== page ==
Let us travel back in time to the fall of 2009. Late last October we attended the plant sale at the University of Tennessee display gardens with daughter Semi and little LTB. They had some muhly grass, Muhlenbergia capillaris planted in a wide berm.
Still holding the same prized magnolia leaf shown in the above photo that he had found on the ground as a measuring device, LTB decided to show just how big the planter was. It was big. There were plants in pots and planters planted up for sale, the proceeds going to the Friends of the UT gardens.
Although it was very cold for October, with rain expected any minute, there were a few other brave souls joining us. Some were there as volunteers to answer questions and sell the goods, some were customers and garden lovers, like us. You can see the greenhouses in the background and the Tennessee orange insignia on the tent where the money was collected for purchases made. Some containers were of the glazed pottery type that can winter over outside planted without breakage here. The prices were reasonable and we were sorely tempted.
I was babysitting LTB that morning and took him to the gardens with me so he could play while we waited for Semi to finish running in the Susan B. Komen race for the cure against breast cancer. Since she has started running the race rather than walking, and the family was not coming to join in the fun walk, I did my part by helping sponsor her and watching the little guy. When we found out that the plant sale was the same day as the race, well, you see for yourself how the situation was handled.
I was very happy to see this Cuphea micropetela displayed in these gardens. We added one of these plants, bought at Mouse Creek in our obsession with Cupheas this year. Ruth had gotten it from the University, with all hoping it would prove hardy here, as advertised to zone 7a. Mine does not look like this, but is rather about twelve inches tall with one stalk. I wonder how many plants make up this mound? If it is only one, I will be very disheartened and might have to give up gardening altogether.
The gardens had changed since we were here last. A post about that visit can be seen by clicking here-UT Bloom Days June 2008. Where the desert display gardens had been was now a large rose garden with two waterfalls flanking a stone staircase. A plaque announced that an endowment had been made to the gardens with the money to be used for roses. It is understandable that the gardens were happy to get such a nice gift, even with the stipulation of it being used for a rose garden. There were a couple that caught our fancy. That peach is my favorite color in all things and brightened the scene on a dreary overcast day. The single was outstanding, the bush was covered in buds and flowers. No name tags were on these beauties.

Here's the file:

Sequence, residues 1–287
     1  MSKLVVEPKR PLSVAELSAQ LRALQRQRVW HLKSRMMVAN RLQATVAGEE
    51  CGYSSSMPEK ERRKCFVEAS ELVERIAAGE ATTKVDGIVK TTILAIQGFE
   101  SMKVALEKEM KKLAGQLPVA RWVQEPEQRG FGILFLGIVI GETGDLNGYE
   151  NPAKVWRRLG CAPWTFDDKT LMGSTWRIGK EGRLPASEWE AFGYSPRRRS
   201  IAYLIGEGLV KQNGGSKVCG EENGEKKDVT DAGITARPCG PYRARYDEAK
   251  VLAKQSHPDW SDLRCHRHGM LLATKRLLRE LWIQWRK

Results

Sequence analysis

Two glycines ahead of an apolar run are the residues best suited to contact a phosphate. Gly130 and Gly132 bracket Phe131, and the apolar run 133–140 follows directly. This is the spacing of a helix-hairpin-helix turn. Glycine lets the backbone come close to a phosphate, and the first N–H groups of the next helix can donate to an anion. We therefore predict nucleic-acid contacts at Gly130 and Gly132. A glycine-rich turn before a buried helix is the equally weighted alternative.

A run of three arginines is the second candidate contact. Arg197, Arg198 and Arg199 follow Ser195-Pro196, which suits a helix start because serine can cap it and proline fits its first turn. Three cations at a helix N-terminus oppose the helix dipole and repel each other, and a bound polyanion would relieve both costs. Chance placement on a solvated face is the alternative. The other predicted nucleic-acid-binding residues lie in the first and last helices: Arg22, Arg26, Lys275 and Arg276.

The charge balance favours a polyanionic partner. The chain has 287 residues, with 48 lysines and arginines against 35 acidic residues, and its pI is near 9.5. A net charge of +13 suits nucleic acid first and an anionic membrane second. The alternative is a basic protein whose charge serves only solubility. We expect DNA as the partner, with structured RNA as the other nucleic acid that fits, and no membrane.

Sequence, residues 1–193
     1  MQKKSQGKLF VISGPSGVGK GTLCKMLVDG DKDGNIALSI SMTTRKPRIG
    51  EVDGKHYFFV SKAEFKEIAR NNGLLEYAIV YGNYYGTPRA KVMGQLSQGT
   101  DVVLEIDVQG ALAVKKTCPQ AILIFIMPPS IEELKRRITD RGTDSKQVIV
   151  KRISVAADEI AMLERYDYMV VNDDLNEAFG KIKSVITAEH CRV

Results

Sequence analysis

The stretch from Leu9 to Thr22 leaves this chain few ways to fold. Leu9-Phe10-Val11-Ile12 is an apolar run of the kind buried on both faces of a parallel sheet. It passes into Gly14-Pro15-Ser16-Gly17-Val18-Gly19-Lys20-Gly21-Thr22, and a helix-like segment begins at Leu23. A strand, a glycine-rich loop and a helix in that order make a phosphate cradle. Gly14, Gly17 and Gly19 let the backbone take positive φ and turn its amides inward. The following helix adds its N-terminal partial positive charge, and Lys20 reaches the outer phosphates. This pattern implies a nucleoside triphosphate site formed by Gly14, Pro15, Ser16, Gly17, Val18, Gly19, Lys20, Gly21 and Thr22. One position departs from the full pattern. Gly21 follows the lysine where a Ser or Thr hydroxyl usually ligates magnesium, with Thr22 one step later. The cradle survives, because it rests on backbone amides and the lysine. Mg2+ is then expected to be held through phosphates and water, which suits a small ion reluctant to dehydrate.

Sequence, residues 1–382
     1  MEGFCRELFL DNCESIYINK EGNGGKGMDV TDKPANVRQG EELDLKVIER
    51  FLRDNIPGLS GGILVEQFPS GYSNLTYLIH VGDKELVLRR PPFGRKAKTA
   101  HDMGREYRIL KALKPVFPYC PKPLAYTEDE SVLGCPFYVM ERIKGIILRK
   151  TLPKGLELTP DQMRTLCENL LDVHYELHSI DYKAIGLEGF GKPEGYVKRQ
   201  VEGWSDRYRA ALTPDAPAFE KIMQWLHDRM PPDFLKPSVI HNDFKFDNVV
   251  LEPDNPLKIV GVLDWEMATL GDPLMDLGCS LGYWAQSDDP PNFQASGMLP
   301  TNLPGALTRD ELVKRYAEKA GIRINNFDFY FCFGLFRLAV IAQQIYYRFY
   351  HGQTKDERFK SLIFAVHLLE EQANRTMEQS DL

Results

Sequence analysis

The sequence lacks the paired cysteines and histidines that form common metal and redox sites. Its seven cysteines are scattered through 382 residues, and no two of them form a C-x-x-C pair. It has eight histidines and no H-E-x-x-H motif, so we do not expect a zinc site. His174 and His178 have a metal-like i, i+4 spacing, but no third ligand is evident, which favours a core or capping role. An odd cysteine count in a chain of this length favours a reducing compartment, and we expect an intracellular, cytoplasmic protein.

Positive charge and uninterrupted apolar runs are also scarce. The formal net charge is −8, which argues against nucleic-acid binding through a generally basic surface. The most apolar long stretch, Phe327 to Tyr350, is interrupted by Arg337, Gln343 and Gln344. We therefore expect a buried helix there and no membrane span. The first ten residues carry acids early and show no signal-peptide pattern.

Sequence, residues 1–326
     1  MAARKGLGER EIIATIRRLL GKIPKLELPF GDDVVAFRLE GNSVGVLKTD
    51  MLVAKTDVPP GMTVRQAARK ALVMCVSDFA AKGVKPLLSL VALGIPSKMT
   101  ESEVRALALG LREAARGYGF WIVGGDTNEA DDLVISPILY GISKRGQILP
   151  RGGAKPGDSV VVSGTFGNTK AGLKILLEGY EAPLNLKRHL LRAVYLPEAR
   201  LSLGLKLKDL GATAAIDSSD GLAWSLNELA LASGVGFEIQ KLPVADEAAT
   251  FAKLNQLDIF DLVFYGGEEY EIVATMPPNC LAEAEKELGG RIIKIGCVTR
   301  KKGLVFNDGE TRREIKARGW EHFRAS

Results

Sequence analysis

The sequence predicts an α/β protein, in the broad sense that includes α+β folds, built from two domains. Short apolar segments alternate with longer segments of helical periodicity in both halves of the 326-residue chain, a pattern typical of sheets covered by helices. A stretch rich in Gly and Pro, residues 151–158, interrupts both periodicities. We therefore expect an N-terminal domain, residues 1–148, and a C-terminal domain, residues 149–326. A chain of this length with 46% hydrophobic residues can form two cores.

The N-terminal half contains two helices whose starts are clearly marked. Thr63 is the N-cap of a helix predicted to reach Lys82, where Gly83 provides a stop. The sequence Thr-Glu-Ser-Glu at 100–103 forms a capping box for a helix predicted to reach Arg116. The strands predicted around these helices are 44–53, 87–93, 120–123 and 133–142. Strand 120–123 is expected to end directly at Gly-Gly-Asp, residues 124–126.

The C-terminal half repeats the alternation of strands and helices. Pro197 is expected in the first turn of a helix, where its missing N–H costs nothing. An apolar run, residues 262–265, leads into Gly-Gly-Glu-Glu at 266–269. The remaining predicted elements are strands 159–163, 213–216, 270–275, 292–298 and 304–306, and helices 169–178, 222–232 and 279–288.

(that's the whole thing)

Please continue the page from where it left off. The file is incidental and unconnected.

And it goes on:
Aster tataricus ‘Jindai’ had quite a presence. One could see that this was several plants massed together. Maybe that was the case with the Cuphea as well. Jindai, three of them that looked similar to these specimens came to live at the Fairegarden this fall, purchased at our go to place for plants, Mouse Creek Nursery. We did not plant them close together, like this grouping, but rather fell back into the habitual plonking method of one here, one there. Will we never learn? It is not too late to move them though. After writing this post, we went out and moved the three Jindais together. Mark that off the list. Check!
Bermed beds with incredible soil tilth and free labor in the way of unpaid students to plant and weed make the plantings here lush and healthy. Semi remembered working in these gardens herself, helping her friend who was a hort student, weeding.
I could have stayed longer, and enriched the coffers of the friends of the gardens substantially more, but one look at poor, tired Semi watching to make sure LTB didn’t go head first after the koi in the pond, told us it was time to go. We will return next fall for this fine sale of prize plants, perhaps with more time to peruse and shop with warmer temps.
What we bought:
Juniperus horizontalis ‘Blue Pygmy’
Chamaecyparis obtusa ‘Nana Lutea’
Spiraea thunbergia ‘Ogon’